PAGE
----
I mention this only because I have been itching to move on.  Intrigued by the reference to Nancy Ridley in the previous post, ‘buried by the Lych gate’, at St Cuthbert’s Beltingham, I was curious enough to buy her long-out-of-print Portrait of Northumberland, first published in 1965.  I am a short way into its pages but her descriptions of Roman Wall Country are instantly recognisable, a litany of names and places I know intimately by foot, by car and on motorcycle.  It is our home.

After too many years ping-ponging between northwest England and the south, chasing IT’s filthy lucre, it is odd that I should find myself tied to this place, at the very edge of England’s last wilderness. Now, nearly twenty-five years in the same place, it would be unthinkable to be anywhere else other than here.

‘Here’ is a landscape that would be entirely recognisable to Nancy but her introduction to Portrait of Northumberland is from another time entirely – “The Tyne still maintains its reputation as the greatest ship repairing river in the world” – “Every Northumbrian town has a live-stock mart for the sale not only of home bred but also Irish cattle” – “This is one of the most popular holiday districts in Northumberland where the same people go year after year.  There are many good boarding houses in Allendale Town”.  Sadly, the ‘same people’ are now most likely to be found on foreign beaches.

Nancy’s introduction also includes many references to the Great North Road which in her time would have run through the heart of towns and cities on its way to the Scottish Borders and beyond. The same would have been true of the old Newcastle to Carlisle A roads on their journey through the Tyne Valley.  We walk round with computing power in our pockets, unimaginable in 1965 but, the most visible aspect of change are the roads and vehicles on them – this from newcastleuncovered.com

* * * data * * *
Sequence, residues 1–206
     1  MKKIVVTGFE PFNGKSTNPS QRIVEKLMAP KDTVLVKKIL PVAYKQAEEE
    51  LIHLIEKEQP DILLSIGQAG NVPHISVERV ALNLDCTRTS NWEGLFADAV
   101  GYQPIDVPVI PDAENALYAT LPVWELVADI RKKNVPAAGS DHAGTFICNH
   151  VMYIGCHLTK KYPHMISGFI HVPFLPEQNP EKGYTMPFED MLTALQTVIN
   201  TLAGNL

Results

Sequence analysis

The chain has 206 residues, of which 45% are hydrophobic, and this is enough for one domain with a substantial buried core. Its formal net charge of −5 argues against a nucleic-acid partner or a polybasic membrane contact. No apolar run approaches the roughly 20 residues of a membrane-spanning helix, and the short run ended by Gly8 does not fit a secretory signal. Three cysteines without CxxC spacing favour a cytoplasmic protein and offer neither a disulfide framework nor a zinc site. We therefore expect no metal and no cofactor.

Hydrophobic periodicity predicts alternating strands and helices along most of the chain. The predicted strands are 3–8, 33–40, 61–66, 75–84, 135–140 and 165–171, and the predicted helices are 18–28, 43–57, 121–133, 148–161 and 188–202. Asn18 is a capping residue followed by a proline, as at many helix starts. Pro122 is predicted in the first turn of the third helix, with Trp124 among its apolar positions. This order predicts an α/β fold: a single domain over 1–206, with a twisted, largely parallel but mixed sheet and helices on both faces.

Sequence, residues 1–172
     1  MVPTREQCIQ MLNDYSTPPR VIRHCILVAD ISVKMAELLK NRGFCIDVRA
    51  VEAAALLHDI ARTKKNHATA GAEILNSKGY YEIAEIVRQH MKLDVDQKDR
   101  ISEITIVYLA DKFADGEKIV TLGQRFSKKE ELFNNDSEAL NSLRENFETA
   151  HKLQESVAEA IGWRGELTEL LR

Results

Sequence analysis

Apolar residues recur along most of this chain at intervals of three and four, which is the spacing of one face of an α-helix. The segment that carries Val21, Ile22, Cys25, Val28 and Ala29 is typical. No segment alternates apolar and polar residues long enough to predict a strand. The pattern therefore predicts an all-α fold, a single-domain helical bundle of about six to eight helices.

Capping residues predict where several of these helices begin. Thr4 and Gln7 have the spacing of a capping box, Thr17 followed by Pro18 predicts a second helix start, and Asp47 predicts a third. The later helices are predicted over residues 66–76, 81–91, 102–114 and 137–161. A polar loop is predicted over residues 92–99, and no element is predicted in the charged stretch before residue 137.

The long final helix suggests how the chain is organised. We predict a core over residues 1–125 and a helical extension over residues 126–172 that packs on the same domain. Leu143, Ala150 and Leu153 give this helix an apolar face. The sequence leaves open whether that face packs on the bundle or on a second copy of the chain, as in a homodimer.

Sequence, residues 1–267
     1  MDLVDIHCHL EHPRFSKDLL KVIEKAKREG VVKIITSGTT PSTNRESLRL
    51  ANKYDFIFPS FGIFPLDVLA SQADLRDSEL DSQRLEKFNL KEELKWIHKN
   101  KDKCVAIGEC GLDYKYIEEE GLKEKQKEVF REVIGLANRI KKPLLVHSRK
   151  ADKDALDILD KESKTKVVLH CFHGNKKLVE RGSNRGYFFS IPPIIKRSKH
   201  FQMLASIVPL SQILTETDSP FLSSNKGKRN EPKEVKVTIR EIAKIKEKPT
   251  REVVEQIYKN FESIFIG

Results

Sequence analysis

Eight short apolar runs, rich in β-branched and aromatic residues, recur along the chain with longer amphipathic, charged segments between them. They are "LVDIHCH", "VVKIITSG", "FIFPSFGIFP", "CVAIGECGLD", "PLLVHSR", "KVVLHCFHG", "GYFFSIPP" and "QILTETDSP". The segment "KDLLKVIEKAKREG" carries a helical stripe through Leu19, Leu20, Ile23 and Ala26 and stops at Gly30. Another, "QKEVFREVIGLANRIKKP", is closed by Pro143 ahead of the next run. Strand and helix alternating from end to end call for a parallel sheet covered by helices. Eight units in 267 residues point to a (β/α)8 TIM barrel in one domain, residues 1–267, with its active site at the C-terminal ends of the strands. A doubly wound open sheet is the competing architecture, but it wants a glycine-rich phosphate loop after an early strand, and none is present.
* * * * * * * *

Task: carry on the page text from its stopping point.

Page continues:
In contrast, these recent images from around Beaufront Woodhead present a landscape unchanged since Nancy’s time and long before:

Lone trees on the lane to Acomb

Broken gate

Unbroken gate

Bridge on the lane to Acomb

This morning, while snow still lay all around we drove to the Allen Gorge car park and again walked to Beltingham, this time in search of Nancy’s grave. It should be easy to find but even after a relatively short time, the headstone is almost indecipherable:

Nancy’s grave – almost indecipherable

Time, she says,
“There’s no turning back,
keep your eyes on the tracks”
Through the fields, somehow there’s blue
Oh, time will tell, she’ll see us through

Finally a technical point re the images – generally I will shoot in Acros (+Yellow filter) so I can see the tones of a mono image on the camera LCD. Then, I will normally process the RAW image, sometimes colour, sometimes mono – for once these are all straight Acros jpegs from the ‘can’ – tweaked with the Camera RAW filter in PhotoShop CC. Interestingly, it is surprising how much shadow detail can be recovered even from a jpeg. Use of the original Acros image also preserves the film grain that Fuji have worked so hard to emulate.